People have to connect on a deeper level. We are all human at the end of the day.
How did your work with TEDx inform your decisions around Boma and creating this opportunity?
Building the global TEDx movement gave me respect for the local capabilities and the innovation going on at a local level and how really every community in the world, if given the opportunity, understands better how to solve their problems than anybody parachuting in. I’ve seen so many times how the best intentions of top-down support don’t really solve problems. In many cases, the investments land up not actually solving the local problems, it’s often wasted capital. And so how do we find a bottom-up movement that we can support, one that really goes to supporting the local innovation in a way that it actually allows it to solve those local problems?
A vast majority of people do not have the same level of access that a lot of the developed world has.
How do we develop programs that bridge that gap?
At Boma we want to be inclusive of all communities and we respect the fact that there are a lot of communities right now that don’t have access to the level of connectivity or technology that we have in the western world. We also respect the fact that technology is a powerful tool to connect people and the ability to connect so many people in the world who don’t have access could be very formative. But we have a lot to work out to make sure that it’s respectful of their culture, where they are, who they are, and that it transforms for good. A big part of what we’re trying to do with the Boma Community is to support communities that wouldn’t normally have access to a network like Boma. We give them access to our network so that they are able to host the same kind of community interactions, and are tied into the global Boma community in a way that we can support them, solve their challenges, and elevate their ideas inside the community.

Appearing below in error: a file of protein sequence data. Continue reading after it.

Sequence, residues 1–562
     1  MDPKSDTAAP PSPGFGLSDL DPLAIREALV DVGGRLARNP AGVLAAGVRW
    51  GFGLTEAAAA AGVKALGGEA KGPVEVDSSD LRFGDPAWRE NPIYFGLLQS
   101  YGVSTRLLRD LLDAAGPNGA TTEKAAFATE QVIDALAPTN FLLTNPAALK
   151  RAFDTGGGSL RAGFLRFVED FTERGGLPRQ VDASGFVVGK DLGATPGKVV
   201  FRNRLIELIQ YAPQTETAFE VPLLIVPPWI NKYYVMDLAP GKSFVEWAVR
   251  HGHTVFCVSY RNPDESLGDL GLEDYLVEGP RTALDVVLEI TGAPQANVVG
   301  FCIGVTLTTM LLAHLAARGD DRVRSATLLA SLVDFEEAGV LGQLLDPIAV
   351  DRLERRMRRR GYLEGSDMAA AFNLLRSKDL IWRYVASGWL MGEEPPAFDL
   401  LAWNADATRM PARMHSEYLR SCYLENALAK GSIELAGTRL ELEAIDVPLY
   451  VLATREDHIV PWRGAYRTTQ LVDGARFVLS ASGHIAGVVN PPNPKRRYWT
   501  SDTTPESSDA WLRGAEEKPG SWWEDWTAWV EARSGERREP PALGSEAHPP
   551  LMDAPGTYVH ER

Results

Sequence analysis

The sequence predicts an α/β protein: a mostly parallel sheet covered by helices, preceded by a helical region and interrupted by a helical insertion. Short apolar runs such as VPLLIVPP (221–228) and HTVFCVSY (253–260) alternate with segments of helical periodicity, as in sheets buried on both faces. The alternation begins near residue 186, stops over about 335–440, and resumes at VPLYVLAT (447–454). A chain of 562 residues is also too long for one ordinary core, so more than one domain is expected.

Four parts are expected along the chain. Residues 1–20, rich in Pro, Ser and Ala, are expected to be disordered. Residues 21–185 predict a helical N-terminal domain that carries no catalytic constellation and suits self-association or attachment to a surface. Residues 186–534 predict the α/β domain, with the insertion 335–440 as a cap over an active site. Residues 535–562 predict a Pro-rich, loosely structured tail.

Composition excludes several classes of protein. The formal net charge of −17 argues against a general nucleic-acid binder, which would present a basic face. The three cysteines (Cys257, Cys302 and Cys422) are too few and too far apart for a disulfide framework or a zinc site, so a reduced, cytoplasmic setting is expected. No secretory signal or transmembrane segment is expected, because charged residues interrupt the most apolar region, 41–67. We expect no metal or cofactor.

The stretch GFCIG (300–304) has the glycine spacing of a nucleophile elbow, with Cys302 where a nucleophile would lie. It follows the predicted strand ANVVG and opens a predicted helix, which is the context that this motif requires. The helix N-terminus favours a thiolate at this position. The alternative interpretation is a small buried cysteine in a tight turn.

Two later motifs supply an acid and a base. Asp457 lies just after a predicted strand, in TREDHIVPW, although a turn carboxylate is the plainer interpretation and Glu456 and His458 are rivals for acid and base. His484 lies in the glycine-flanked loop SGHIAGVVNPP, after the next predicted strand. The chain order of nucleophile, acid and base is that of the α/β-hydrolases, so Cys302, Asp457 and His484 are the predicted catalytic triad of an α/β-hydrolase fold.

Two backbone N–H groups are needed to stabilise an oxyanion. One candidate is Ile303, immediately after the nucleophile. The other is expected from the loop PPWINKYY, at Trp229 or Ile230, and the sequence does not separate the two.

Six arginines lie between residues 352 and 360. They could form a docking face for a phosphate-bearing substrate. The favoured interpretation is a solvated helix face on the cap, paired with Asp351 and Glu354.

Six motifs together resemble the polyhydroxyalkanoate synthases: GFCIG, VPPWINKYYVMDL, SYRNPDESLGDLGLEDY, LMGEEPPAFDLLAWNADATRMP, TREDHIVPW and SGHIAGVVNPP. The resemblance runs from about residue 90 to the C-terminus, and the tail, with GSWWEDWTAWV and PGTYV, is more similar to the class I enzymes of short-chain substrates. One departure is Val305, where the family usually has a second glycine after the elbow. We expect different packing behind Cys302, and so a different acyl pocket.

That being said, obviously having run TEDx, it’s much more difficult in the developing world to launch something like Boma because of less access to capital and when you are challenged for some of the most basic human needs. Launching something where it would have the most impact, is often the most difficult to seed. So I’m acutely aware of that fact, having founded and run TEDx, having worked with Singularity University, having run the Women’s March; it’s the places in the world that need these sort of programs the most and need all the support where it’s most difficult to really figure out how to jump start and fund them.
Can technology be used to plan better communities?
I think technology can be a backbone to better communities. But I believe what people crave right now is how do we come together in person to have meaningful conversations? How do we listen to each other? How do those meaningful conversations move forward towards action? Technology can be an amazing backbone that supports that endeavor to protect. But you can’t lead with just the technology.
Putting the technology aside as the backbone, I think how you design for humanity and people to come together in an authentic way, in a way that they again feel like they are hearing each other, in a way that they feel like they are solving local problems, is what we really need to design for. Would that have a backbone of a technology platform? Yes, but I don’t know what that looks like right now. We’re not leading with the technology. We’re leading with how do we get people together in meaningful ways to help humanity design a more intentional, intelligent future.